The Body Swap

In Angel geeky Fred becomes the ancient goddess Illyria. In BTVS, Faith and Buffy literally change bodies, Giles becomes a demon, and Willow becomes a ghost. In Supernatural, everyone seems to become Lucifer at some point. It just goes on.

So why is this such a popular trope, particularly on the darker side of the genre?

It is about the reversal of fortunes: the good and the bad swapping spaces. Seeing from different perspectives. It shows us that the light and the dark often share the same space, and how easy it is to slip from one to the other. The monster becomes the man, the man, the monster, etc. Even, nature versus nurture comes to call, especially if it involves more of a shifter archetype.

Of course, it’s also great fun for us. Because we get to explore these dichotomies from the safety of our chairs.

But us darker fans are forced further still, to consider what side of the divide we’d fall on in a given situation. Under what circumstances could a demon do good? Is an angel ever truly evil? Does a murderer have a saving grace? Is violence just another weapon of power?

Darker UF often explores those questions.

Here, the Illyria/former Fred combo is espousing more violence because for the first time the ancient goddess is feeling grief. Through Wesley, she’s learned to value humanity–something she could not understand before. Now he’s dead, and she turns back to violence as revenge is the only thing that makes sense to her. And it is probably the most likely human response in the circumstances.

Setting Has a Life Of Its Own

Settings are integral to good Urban Fantasy. They should live and breath, and be as important to the story as the plot itself.

And in dark UF, the setting must be, well, dark.

Violence, resistence, oppression, corruption. A night time only world. A world where dark magic runs the show. Or, maybe, a certain dark family is making a bid for power.

There are multiple ways of depicting a dark world. And even twisting into a non-futuristic paranormally-based dystopia is common.

Or the darkness can be more subtle.

In Angel, the Wolfram and Hart building is at the centre of everything. Not only does it house the baddies for the majority of the series, it gives access to other mysterious dimensions. All manner of nasty beasties are locked up in the basement. And, symbolically, the building even represents the Angel/Angelus dichotomy.

The city, in this case LA, is also supernaturally charged and very important to the feel of the show, but it is the building itself which is a manifesation of darkness.

Dark Discomfort

It’s so unsettling. The hero or heroine we adore, suddenly does something TERRIBLE.

Usually, it’s misguided. Sometimes it’s planned, but we don’t know why, yet. Sometimes it is inordinately inappropriate and makes us hugely uncomfortable. Often we know it’s been building, but it always feels sudden. We turn the page and we’re in the middle of this scene from Hell.

It grates at us. It challenges us. We hope that it’ll be over soon, and yet we read every word over and over.

This is not our “Good People Gone Bad” trope, this is a brief but vicious sojourn to the dark side. And it shakes us to the core.

Buffy attacks Spike because she hates herself. And for one moment she convinces herself he doesn’t matter, he’s a vampire after all, and if she beats him to a bloody pulp, she’s also taking care of her own internal demon. The one that says, she’s worthless, unloved, and inhuman.

Argghh!

It doesn’t have to be a fight. It could be an awful decision, or a deliberate cover up to throw someone off the trail. It could be the arrival of a new and shocking character.

But there is always a victim who is powerless, either by choice or design, and they are usually left in a bloody heap on the ground. Sometimes figuratively, but more likely, literally.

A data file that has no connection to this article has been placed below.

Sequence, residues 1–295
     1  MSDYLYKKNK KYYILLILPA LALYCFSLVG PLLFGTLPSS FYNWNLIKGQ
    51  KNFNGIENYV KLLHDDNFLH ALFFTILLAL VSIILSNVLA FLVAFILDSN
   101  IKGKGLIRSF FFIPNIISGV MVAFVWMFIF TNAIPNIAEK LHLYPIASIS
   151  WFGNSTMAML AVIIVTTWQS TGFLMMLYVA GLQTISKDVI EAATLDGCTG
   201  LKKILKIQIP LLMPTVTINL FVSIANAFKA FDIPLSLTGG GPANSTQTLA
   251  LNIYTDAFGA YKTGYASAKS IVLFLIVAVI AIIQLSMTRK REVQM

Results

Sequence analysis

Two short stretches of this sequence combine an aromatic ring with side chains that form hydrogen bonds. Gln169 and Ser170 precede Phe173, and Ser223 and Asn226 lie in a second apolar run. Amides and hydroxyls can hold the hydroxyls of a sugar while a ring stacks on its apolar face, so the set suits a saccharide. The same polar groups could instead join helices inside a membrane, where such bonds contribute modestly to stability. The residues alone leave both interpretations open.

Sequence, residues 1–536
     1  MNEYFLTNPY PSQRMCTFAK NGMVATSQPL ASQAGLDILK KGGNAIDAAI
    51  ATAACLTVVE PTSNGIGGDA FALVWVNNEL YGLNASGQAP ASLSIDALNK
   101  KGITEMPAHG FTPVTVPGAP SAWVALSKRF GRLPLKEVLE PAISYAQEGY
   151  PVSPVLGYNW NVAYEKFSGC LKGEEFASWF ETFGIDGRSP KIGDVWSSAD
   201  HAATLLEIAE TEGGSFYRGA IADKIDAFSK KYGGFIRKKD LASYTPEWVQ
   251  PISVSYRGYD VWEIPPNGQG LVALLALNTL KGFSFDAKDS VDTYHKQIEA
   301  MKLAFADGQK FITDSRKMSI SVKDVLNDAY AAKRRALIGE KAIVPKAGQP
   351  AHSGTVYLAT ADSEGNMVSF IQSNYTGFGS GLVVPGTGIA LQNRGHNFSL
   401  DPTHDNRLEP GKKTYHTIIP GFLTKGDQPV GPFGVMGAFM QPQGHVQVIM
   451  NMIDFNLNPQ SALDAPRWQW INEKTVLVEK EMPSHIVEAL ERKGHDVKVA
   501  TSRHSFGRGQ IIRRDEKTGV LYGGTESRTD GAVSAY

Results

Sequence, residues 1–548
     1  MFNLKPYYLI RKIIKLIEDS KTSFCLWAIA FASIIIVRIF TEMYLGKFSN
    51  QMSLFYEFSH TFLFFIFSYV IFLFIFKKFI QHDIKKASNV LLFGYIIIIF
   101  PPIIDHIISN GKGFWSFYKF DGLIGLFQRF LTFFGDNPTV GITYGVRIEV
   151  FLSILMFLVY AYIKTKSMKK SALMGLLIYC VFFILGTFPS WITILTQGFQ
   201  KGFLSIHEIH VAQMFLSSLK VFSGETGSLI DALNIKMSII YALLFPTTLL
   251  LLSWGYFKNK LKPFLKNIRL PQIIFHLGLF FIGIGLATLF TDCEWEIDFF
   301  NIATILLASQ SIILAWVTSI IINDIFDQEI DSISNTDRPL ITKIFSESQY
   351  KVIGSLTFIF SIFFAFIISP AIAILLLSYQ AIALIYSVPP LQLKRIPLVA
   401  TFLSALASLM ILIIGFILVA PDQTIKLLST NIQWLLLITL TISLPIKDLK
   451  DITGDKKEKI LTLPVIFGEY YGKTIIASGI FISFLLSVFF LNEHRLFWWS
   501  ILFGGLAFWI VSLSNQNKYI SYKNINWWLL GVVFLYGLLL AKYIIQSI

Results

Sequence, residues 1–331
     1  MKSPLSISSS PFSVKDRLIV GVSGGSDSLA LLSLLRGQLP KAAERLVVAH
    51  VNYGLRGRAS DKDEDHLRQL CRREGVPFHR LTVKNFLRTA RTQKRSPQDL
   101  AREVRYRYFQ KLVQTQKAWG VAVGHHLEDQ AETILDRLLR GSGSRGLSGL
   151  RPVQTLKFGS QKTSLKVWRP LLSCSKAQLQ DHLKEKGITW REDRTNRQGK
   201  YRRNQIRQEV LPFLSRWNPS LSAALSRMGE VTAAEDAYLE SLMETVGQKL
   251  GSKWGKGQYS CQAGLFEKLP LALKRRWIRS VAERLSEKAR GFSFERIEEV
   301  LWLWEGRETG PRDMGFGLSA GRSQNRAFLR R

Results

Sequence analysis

Darker UF does this so well. It forces us to hide behind our hands until it’s over. And leaves us feeling so damned uncomfortable, because there is always a little voice in our head asking: well, what would you do?

Fighting… and Dying!

Urban Fantasy has fight scenes. It’s a given.

The difference with the darker side of Urban Fantasy, is that people actually die. Usually, horribly. Or in greater numbers. And most likely there will be more blood and guts than your lighter UF. Be prepared for it to get raw, and paint a pretty graphic picture. Detail, baby, we want detail!

And, maybe even the people die that we want to stay alive. I know, terrible, right!?

We screamed at the TV when Charlie died in Supernatural. NOT FAIR! And in the final scene of Angel, our eponymous hero is fighting the bloody dragon while his soldiers are going down left, right and centre. WTF!

But it is fair. It’s expected. Darker UF is not going to allow everyone to live. Sorry. Just, no. 

There’s every chance they will die. Maybe not today, maybe not tomorrow, but soon…

Demon Darkness

I asked a number of groups on Facebook what made for darker Urban Fantasy. There was a resounding cry of “demons!”

When I probed further, it seems that vampires were not included. Too many good-looking vamps (with sexy abs) out there, I guess. Some were even surprised that I would call a vampire a demon at all. Um, dah!

Digging deeper, it seems demons become more frightening the more likely they are to subject their victim to possession. A subject the lighter UFs are pretty unlikely to explore in much detail. But the darker ones. Yep!

And that’s the core of it. For the majority of us, the idea of possession is terrifying. It demonstrates a loss of control, and could even represent our psychological demons becoming real. So this very much darker trope plays on our worst fears.

To make it a little more palatable, darker UF tends to twist away from the full on heebie-jeebie possession trope; a possessed human may have the ability to magically resist, or a savior standing by to help. Anything more, and we could easily slip into Horror.

So, that’s my quick guide to some of the darker Urban Fantasy tropes.

Of course, there are many more.

If you have a recommended darker UF novel to share, or you’ve identified a trope I haven’t covered, please let me know. I do aim to do a follow up post about the best of the best of the darker reads.

So, Faith, gonna say goodbye?